Catherine Evans: Voting is a subject better learned at 16
It’s time to lower the voting age to 16. With fewer than 40 percent of 18 to 24-year-olds voting in their first election, our democracy is not looking very democratic. Vancouver municipal elections are particularly hard for new voters to get their heads around. So many candidates, so little opportunity to get to know the people who are running and what they care about.
Lowering the voting age will accomplish two important things: it will get politicians into schools to talk about voting and election issues, and it will increase the likelihood that a parent, sibling, teacher, or friend will be there to help a young person overcome barriers to voting.
Why is it important to get politicians into schools and other places to meet and talk to young people? It is not surprising that many young people have a somewhat jaded view of politicians. Politicians don’t much talk about things young people care about, and when young people do see and hear politicians talking, it’s usually question period clips or interview sound bites—not the kind of thing that inspires or engages the imagination about how the world might be different and better. A personal interaction, however, connects people and gives the chance for new insights and learning. It makes a relationship of trust and mutual respect possible.
Municipal elections are about issues that matter to young people—transit, rental housing, playing fields, bike lanes, community centres, parks, and schools. If 16 and 17-year-olds could vote, politicians—and everyone else—would be forced to take their views about these issues seriously and act accordingly. Young people would in turn hear from politicians about why voting is important. Research shows that when people learn about the importance of voting early in life, they carry that knowledge and the habit of voting throughout their lives.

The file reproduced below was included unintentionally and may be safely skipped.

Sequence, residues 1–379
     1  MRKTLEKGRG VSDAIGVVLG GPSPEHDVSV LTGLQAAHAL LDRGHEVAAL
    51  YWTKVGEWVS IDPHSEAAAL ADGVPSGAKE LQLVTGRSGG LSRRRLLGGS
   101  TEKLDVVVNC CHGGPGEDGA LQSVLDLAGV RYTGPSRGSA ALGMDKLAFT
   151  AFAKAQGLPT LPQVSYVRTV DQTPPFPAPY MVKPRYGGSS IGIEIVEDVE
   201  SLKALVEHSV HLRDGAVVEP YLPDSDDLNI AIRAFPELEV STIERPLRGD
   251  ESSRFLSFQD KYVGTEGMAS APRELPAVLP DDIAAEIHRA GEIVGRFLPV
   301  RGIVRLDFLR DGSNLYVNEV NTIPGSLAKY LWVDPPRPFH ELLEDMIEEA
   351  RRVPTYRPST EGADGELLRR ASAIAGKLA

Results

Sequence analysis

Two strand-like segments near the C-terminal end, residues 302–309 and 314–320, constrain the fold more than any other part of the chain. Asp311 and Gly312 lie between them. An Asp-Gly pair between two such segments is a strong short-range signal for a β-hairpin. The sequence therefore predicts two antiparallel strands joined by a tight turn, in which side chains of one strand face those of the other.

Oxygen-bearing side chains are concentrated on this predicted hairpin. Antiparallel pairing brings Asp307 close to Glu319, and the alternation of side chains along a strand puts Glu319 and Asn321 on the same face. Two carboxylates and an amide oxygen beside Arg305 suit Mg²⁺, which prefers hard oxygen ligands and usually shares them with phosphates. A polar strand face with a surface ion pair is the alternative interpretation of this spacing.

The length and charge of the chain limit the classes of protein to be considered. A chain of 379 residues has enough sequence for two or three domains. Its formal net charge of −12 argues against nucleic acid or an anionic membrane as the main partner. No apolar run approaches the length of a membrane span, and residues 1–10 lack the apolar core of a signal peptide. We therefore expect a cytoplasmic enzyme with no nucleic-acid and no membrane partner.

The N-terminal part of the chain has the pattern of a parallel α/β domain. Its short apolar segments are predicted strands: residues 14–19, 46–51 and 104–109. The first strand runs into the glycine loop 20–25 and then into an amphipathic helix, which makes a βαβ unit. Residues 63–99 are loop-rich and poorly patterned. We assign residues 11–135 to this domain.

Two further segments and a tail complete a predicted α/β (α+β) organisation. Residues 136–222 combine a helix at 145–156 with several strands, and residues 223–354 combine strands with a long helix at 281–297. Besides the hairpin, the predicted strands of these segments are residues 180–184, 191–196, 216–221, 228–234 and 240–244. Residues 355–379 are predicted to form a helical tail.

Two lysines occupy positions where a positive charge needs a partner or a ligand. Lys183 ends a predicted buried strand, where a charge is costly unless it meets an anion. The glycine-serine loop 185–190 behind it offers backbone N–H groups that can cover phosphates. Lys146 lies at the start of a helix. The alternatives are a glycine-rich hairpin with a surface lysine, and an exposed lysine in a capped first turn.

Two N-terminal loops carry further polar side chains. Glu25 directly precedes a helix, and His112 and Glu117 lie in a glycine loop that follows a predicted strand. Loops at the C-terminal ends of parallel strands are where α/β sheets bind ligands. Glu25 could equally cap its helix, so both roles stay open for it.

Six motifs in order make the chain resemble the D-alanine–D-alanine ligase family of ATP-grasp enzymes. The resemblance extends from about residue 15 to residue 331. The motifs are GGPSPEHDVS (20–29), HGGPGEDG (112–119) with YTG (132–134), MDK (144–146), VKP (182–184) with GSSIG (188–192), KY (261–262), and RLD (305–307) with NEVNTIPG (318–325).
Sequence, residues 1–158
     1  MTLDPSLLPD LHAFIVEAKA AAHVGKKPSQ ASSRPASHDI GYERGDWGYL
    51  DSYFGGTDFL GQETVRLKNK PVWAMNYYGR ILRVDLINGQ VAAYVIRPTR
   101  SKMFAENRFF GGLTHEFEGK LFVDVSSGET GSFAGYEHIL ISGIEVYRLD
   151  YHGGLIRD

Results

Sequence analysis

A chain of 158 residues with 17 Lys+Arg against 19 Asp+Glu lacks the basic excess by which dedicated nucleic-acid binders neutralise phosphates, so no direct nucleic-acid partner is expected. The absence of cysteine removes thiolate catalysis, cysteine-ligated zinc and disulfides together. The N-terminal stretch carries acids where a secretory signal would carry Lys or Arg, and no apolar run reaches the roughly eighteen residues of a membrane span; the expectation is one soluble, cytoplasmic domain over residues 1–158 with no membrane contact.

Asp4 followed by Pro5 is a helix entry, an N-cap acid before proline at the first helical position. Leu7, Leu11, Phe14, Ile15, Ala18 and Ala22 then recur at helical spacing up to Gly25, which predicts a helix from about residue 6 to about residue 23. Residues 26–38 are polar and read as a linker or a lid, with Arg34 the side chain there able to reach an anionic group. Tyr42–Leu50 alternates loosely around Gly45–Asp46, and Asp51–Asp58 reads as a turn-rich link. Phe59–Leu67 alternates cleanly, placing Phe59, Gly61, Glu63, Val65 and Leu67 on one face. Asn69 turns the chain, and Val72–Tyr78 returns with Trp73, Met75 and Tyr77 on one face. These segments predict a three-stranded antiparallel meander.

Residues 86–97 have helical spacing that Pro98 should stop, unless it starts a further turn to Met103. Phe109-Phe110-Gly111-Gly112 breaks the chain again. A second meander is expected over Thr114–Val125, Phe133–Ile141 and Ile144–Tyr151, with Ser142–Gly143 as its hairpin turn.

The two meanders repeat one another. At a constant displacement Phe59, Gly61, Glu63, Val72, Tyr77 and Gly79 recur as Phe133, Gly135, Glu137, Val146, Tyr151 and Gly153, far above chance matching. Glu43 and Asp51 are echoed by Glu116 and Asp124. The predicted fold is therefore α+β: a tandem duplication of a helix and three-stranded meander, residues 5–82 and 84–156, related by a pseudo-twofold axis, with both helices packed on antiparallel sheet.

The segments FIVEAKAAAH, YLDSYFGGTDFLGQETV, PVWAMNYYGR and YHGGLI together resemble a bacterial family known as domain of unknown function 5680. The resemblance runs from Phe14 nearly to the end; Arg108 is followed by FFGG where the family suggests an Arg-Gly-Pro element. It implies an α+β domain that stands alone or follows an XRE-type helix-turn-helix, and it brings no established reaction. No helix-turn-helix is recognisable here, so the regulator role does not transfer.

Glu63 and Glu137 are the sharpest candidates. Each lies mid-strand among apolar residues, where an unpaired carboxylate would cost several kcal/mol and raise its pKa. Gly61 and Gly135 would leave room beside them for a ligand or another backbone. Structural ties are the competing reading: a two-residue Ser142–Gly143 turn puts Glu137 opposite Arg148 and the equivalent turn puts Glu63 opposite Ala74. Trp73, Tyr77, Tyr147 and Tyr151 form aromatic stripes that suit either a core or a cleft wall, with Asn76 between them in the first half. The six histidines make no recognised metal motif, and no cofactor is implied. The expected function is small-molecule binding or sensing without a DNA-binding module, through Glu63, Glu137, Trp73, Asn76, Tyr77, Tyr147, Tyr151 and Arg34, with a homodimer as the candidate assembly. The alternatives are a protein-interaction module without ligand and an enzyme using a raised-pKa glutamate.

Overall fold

Barriers to voting are a major issue for many young people. When I’ve been in a polling station on an election day, it’s usually young people who have recently moved that get turned away. Rarely do they come back with the extra document they need. And the line-up to register to vote on election days is often long—having to wait a second time can be too much. But if you voted for the first time when you were still living at home or still in school, and you learned what the barriers are and how they can be overcome, you will be better prepared to tackle the next election on your own.
In our Vision Vancouver nomination race, we understand that young people make good voters. At 15, we welcome you to become a member and vote. As we head toward the fall municipal election, I invite everyone to consider the benefits of lowering the voting age.